~ Fatima (Health, Engineering Science & Entrepreneurship)

Favourite moment that took place during this virtual 1P10 experience?

Live lectures.

Live lectures.

Attending Dr. McDonald's online lectures and having them be even more entertaining than they were in person.Although this is definitely not ideal, even online 1P10 was still my favourite course of first year and you learn so many different things and meet many people which will be super useful in a virtual setting.
~Matt (Mechatronics & Biomedical Engineering)
Microsoft Teams.

Microsoft Teams.

My favourite moment during this experience was using Microsft Teams. More students seemed to engage in lectures using the comments while the professor was delivering the content. It was very easy to communicate and ask any questions or clarifications. All our professors had a very positive attitude and handled this unexpected transition very well.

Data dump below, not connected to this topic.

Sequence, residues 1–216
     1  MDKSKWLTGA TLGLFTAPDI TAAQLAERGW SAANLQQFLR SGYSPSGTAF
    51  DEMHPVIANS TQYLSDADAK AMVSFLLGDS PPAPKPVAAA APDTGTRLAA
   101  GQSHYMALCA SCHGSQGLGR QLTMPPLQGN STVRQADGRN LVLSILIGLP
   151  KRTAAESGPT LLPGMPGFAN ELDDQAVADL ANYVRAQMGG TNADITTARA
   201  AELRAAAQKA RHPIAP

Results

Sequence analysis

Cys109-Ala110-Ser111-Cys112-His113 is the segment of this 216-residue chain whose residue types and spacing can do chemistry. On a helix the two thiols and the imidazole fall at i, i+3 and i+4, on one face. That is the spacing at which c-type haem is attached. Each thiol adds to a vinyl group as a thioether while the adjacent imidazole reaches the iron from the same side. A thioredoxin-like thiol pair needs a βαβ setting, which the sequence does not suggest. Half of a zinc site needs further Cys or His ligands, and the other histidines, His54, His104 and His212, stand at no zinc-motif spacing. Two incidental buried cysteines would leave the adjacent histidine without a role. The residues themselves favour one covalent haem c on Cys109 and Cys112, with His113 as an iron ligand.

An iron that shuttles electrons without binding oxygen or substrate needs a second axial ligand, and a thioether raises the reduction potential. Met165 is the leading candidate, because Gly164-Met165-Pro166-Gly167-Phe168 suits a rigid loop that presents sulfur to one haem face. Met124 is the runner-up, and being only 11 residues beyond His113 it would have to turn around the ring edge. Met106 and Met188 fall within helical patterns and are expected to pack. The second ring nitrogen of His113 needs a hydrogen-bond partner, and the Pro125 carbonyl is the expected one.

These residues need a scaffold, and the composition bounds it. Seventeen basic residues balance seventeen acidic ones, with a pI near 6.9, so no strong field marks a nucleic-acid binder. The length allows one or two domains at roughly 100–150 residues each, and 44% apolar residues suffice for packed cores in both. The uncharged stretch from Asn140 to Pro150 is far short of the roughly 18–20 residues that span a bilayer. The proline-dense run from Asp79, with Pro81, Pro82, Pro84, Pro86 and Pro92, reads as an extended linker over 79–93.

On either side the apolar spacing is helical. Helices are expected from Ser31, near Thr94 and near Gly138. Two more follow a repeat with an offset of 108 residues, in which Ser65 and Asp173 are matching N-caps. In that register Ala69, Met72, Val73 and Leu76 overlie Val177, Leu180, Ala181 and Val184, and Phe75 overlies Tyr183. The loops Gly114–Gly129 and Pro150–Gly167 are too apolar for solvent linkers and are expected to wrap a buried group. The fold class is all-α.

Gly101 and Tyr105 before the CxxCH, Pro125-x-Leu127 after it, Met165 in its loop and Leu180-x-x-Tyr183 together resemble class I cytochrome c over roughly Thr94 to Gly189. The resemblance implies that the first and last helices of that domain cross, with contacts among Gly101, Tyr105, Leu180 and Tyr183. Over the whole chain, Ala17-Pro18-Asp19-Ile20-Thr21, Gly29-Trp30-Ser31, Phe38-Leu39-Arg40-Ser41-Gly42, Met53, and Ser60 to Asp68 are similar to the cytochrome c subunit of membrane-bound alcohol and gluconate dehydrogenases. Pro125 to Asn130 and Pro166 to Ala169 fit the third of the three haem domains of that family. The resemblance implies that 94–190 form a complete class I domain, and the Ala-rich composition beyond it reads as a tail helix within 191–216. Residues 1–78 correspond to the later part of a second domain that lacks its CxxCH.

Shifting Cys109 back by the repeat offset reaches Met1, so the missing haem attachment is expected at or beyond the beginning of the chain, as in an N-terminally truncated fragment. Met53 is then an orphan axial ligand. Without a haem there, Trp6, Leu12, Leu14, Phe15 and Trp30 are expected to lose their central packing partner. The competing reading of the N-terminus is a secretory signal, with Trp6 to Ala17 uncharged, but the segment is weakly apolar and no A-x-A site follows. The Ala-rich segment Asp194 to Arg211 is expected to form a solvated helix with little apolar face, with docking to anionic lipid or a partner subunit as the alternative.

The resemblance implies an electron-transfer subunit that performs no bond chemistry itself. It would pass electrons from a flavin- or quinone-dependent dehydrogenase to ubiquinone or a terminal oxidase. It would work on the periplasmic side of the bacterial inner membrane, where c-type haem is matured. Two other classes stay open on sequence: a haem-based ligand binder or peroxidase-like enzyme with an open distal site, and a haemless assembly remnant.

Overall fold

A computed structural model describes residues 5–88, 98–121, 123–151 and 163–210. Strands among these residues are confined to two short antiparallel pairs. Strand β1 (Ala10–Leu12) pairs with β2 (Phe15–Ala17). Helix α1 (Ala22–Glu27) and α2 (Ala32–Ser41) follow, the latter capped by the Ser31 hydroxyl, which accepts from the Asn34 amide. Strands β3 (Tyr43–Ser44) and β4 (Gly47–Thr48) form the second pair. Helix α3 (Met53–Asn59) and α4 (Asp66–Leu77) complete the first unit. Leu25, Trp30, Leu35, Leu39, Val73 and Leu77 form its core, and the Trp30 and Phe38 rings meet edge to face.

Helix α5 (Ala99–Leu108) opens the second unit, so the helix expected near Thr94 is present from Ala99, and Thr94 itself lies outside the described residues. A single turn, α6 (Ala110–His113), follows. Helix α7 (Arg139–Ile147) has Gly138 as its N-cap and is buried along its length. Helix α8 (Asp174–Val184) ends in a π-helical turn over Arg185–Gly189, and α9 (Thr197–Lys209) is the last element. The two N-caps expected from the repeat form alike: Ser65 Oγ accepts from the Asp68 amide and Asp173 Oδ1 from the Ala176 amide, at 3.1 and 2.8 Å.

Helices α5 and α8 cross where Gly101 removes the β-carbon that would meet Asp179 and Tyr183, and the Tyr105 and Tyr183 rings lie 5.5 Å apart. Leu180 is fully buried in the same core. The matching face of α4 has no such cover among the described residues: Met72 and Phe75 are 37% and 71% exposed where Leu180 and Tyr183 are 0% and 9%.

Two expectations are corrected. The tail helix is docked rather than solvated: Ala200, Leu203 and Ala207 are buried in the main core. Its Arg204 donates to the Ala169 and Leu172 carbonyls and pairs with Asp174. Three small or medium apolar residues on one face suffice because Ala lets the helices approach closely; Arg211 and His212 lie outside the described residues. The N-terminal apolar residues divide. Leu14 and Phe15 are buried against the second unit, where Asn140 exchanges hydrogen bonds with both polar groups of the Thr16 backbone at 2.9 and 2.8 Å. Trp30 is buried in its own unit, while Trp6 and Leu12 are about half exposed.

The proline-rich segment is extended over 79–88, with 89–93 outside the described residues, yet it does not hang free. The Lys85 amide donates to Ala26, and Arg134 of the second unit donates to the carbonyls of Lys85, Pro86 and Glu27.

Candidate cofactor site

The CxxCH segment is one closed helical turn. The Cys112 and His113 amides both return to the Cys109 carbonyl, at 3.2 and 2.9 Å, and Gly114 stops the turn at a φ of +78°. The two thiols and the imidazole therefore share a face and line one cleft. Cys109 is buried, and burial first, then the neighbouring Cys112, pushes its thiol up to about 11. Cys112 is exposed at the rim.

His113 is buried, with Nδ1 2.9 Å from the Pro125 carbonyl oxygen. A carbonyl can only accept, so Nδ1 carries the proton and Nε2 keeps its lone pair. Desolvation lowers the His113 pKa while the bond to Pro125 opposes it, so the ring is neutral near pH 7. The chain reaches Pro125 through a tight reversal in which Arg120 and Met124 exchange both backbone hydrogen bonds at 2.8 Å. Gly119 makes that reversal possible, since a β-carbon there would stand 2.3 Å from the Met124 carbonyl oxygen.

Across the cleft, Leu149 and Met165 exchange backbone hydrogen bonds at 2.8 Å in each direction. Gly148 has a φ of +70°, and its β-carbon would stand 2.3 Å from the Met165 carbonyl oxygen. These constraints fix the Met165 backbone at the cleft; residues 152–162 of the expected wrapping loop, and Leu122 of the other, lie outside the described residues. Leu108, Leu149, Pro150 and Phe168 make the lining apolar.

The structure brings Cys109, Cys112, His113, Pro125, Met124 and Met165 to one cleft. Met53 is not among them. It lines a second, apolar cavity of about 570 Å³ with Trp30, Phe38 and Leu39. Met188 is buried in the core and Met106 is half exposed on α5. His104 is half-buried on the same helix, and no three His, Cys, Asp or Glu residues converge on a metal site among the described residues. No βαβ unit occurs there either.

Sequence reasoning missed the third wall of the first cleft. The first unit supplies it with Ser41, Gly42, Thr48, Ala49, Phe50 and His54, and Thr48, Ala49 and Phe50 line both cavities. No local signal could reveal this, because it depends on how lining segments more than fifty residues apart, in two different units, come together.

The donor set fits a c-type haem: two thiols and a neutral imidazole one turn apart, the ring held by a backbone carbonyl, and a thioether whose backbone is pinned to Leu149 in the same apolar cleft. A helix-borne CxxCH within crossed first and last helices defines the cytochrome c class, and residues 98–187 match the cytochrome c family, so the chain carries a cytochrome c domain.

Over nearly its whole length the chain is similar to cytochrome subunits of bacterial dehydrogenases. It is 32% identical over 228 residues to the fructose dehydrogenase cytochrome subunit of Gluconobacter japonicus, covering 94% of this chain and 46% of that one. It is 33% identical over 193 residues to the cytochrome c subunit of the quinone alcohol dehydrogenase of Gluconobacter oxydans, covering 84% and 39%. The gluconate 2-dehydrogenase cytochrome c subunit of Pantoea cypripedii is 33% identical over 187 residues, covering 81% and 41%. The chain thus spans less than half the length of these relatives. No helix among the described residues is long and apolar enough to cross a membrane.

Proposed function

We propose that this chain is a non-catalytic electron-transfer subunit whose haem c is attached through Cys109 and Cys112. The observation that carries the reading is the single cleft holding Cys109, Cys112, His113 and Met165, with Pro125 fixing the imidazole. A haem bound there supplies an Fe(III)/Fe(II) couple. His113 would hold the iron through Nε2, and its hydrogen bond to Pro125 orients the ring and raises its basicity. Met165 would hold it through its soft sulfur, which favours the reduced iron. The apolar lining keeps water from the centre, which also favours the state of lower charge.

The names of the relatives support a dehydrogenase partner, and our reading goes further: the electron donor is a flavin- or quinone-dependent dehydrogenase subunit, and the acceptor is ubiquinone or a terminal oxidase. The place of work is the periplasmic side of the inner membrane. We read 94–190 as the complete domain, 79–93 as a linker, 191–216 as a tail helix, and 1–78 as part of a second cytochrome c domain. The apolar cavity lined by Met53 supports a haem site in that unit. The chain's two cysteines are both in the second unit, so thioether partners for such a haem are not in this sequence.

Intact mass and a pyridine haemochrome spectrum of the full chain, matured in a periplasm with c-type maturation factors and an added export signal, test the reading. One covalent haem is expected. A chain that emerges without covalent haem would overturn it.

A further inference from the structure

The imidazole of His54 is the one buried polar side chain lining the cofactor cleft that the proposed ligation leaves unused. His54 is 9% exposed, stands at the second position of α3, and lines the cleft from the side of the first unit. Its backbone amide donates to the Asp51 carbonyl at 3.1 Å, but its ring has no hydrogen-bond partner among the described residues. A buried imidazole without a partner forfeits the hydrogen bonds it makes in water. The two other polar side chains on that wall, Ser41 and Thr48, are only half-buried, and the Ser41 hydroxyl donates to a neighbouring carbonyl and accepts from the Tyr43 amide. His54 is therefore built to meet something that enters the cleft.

~Ola (Electrical & Biomedical Engineering)

Informal class calls!

Informal class calls!

I really enjoyed the class calls which happened after all the lecture content had already been covered. It was in these times we got to interact on a less serious note and iBiomed truly felt like a family.
~Agatha (Chemical & Biomedical Engineering)
Dr. McDonald\'s jokes :)

Dr. McDonald's jokes :)

I definitely enjoyed the live lectures. Getting up early helped me to be productive in the mornings, and they were my only live lectures, so they were very engaging and it was awesome to have a live chat where I could interact with all my peers at the same time. Dr McDonald kept it interactive and brought music and humour to the lectures and they became the highlight of my day in a difficult time.
~Ishan (Mechatronics & Biomedical Engineering)

What advice would you pass on to an incoming student about succeeding in this course virtually?

Be positive :)

Be positive :)